Effect of tetrahydrobiopterin on selective endothelial dysfunction of epicardial porcine coronary arteries induced by cardiopulmonary bypass

Louis Mathieu Stevens, Simon Fortier, Marie Claude Aubin, Ismail El-Hamamsy, Simon Maltais, Michel Carrier, Louis P. Perrault

Research output: Contribution to journalArticle

6 Citations (Scopus)

Abstract

Background: We hypothesized that cardiopulmonary bypass induces a selective alteration of the coronary arterial endothelial cell signal transduction which could be explained by a state of depletion and/or decreased activity of endogenous tetrahydrobiopterin (BH4). The aim of this study was to assess the effects of cardiopulmonary bypass and BH4 on the endothelial function of epicardial coronary arteries in a swine model of cardiopulmonary bypass. Methods: Swine underwent 90 min of cardiopulmonary bypass alone (N = 19) or in association with a brief cardioplegic arrest with (N = 6) or without (N = 5) in vivo BH4 administration, followed by a 60-min period following weaning from cardiopulmonary bypass and were compared to a control group (N = 7). Endothelium-dependent relaxations of epicardial coronary artery rings were studied using standard organ chamber experiments in the presence or absence of in vitro BH4 or superoxide dismutase (SOD) and catalase. Results: Cardiopulmonary bypass caused a statistically significant reduction of endothelium-dependent relaxations to serotonin (p < 0.0001), bradykinin (p < 0.001), UK14304 (p < 0.0001) and calcium ionophore (p < 0.01) in epicardial porcine coronary arteries. In vitro and in vivo BH4 supplementation improved endothelium-dependent relaxations to serotonin and bradykinin, which were left unchanged by SOD-catalase administration. Cardiopulmonary bypass was associated with a decrease in nitric oxide availability (p = 0.002) and increased oxidative stress (p < 0.001), which were both restored by in vivo BH4 administration (p < 0.001). Conclusion: Treatment with BH4 improves the endothelial dysfunction of porcine epicardial coronary arteries, restores nitric oxide availability and reduces the oxidative stress associated with cardiopulmonary bypass.

Original languageEnglish (US)
Pages (from-to)464-471
Number of pages8
JournalEuropean Journal of Cardio-thoracic Surgery
Volume30
Issue number3
DOIs
StatePublished - Sep 1 2006
Externally publishedYes

Fingerprint

Cardiopulmonary Bypass
Coronary Vessels
Swine
Bradykinin
Endothelium
Catalase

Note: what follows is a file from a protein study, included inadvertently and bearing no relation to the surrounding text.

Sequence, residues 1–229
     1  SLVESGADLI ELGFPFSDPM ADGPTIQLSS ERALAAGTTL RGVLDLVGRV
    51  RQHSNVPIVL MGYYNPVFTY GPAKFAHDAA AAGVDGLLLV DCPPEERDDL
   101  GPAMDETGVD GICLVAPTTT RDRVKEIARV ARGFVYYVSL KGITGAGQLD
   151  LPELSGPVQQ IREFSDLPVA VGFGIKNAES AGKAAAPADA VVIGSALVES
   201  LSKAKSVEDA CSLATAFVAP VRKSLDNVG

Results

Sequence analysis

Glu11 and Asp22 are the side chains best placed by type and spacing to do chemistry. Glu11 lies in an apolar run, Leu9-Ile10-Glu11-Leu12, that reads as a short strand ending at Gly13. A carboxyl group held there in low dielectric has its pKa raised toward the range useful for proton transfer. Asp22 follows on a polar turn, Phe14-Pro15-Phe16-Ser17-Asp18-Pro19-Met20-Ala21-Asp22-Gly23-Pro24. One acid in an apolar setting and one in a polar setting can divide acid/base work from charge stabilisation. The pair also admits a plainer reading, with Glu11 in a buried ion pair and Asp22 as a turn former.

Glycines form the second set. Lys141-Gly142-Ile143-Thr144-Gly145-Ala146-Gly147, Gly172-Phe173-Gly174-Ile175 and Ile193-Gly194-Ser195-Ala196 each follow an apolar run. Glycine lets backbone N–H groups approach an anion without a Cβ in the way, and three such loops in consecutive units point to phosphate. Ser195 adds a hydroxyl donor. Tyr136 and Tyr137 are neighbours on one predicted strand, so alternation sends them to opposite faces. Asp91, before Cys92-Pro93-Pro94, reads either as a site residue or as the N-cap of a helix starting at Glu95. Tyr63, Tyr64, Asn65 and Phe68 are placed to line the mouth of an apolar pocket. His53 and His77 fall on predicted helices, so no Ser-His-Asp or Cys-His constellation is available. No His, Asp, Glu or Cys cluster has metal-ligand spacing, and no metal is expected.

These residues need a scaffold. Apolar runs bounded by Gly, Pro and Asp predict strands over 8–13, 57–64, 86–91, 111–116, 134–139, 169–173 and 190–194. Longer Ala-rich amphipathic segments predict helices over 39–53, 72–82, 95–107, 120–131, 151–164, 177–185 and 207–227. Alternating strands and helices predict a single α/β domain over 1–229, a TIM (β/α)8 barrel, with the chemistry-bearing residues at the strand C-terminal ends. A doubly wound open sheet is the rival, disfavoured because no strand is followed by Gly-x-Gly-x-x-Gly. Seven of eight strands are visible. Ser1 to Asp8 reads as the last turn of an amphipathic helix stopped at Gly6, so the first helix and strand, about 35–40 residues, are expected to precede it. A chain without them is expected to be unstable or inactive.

Superoxide Dismutase
Serotonin
Nitric Oxide
Oxidative Stress
Calcium Ionophores
sapropterin
Signal Transduction
Endothelial Cells
Control Groups

Keywords

  • Antioxidant
  • Cardiopulmonary bypass
  • Coronary artery
  • Endothelial dysfunction
  • Nitric oxide
  • Superoxide dismutase
  • Tetrahydrobiopterin

ASJC Scopus subject areas

  • Surgery
  • Pulmonary and Respiratory Medicine
  • Cardiology and Cardiovascular Medicine

Cite this

Effect of tetrahydrobiopterin on selective endothelial dysfunction of epicardial porcine coronary arteries induced by cardiopulmonary bypass. / Stevens, Louis Mathieu; Fortier, Simon; Aubin, Marie Claude; El-Hamamsy, Ismail; Maltais, Simon; Carrier, Michel; Perrault, Louis P.

In: European Journal of Cardio-thoracic Surgery, Vol. 30, No. 3, 01.09.2006, p. 464-471.

Research output: Contribution to journalArticle

Stevens, Louis Mathieu ; Fortier, Simon ; Aubin, Marie Claude ; El-Hamamsy, Ismail ; Maltais, Simon ; Carrier, Michel ; Perrault, Louis P. / Effect of tetrahydrobiopterin on selective endothelial dysfunction of epicardial porcine coronary arteries induced by cardiopulmonary bypass. In: European Journal of Cardio-thoracic Surgery. 2006 ; Vol. 30, No. 3. pp. 464-471.
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abstract = "Background: We hypothesized that cardiopulmonary bypass induces a selective alteration of the coronary arterial endothelial cell signal transduction which could be explained by a state of depletion and/or decreased activity of endogenous tetrahydrobiopterin (BH4). The aim of this study was to assess the effects of cardiopulmonary bypass and BH4 on the endothelial function of epicardial coronary arteries in a swine model of cardiopulmonary bypass. Methods: Swine underwent 90 min of cardiopulmonary bypass alone (N = 19) or in association with a brief cardioplegic arrest with (N = 6) or without (N = 5) in vivo BH4 administration, followed by a 60-min period following weaning from cardiopulmonary bypass and were compared to a control group (N = 7). Endothelium-dependent relaxations of epicardial coronary artery rings were studied using standard organ chamber experiments in the presence or absence of in vitro BH4 or superoxide dismutase (SOD) and catalase. Results: Cardiopulmonary bypass caused a statistically significant reduction of endothelium-dependent relaxations to serotonin (p < 0.0001), bradykinin (p < 0.001), UK14304 (p < 0.0001) and calcium ionophore (p < 0.01) in epicardial porcine coronary arteries. In vitro and in vivo BH4 supplementation improved endothelium-dependent relaxations to serotonin and bradykinin, which were left unchanged by SOD-catalase administration. Cardiopulmonary bypass was associated with a decrease in nitric oxide availability (p = 0.002) and increased oxidative stress (p < 0.001), which were both restored by in vivo BH4 administration (p < 0.001). Conclusion: Treatment with BH4 improves the endothelial dysfunction of porcine epicardial coronary arteries, restores nitric oxide availability and reduces the oxidative stress associated with cardiopulmonary bypass.",